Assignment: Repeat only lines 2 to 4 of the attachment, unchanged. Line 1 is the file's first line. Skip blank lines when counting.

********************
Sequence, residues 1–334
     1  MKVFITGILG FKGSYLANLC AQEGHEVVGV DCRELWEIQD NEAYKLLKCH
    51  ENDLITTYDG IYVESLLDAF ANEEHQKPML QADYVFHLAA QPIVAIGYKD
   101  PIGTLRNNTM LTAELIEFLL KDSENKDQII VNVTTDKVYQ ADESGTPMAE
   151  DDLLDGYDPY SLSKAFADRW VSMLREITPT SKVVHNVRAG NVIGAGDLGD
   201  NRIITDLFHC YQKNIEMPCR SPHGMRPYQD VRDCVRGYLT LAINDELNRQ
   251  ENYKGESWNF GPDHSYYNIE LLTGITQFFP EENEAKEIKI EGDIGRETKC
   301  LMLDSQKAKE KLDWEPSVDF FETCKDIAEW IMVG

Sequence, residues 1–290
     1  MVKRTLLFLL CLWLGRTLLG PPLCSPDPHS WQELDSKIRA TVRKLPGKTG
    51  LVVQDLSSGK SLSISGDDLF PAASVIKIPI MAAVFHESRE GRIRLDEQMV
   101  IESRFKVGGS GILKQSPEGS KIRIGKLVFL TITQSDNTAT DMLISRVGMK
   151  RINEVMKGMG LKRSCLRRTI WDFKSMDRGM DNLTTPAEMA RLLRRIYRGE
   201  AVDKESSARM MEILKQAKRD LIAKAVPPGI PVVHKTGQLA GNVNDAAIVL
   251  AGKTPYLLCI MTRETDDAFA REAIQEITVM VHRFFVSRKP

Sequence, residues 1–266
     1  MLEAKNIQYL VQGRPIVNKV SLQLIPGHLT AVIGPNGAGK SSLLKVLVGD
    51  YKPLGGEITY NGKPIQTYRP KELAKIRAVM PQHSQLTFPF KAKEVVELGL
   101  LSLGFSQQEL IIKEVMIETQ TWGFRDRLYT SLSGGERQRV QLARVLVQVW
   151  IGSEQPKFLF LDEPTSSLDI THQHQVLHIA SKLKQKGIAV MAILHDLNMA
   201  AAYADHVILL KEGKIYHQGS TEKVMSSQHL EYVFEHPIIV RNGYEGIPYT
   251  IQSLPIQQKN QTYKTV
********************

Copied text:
     1  MKVFITGILG FKGSYLANLC AQEGHEVVGV DCRELWEIQD NEAYKLLKCH
    51  ENDLITTYDG IYVESLLDAF ANEEHQKPML QADYVFHLAA QPIVAIGYKD
   101  PIGTLRNNTM LTAELIEFLL KDSENKDQII VNVTTDKVYQ ADESGTPMAE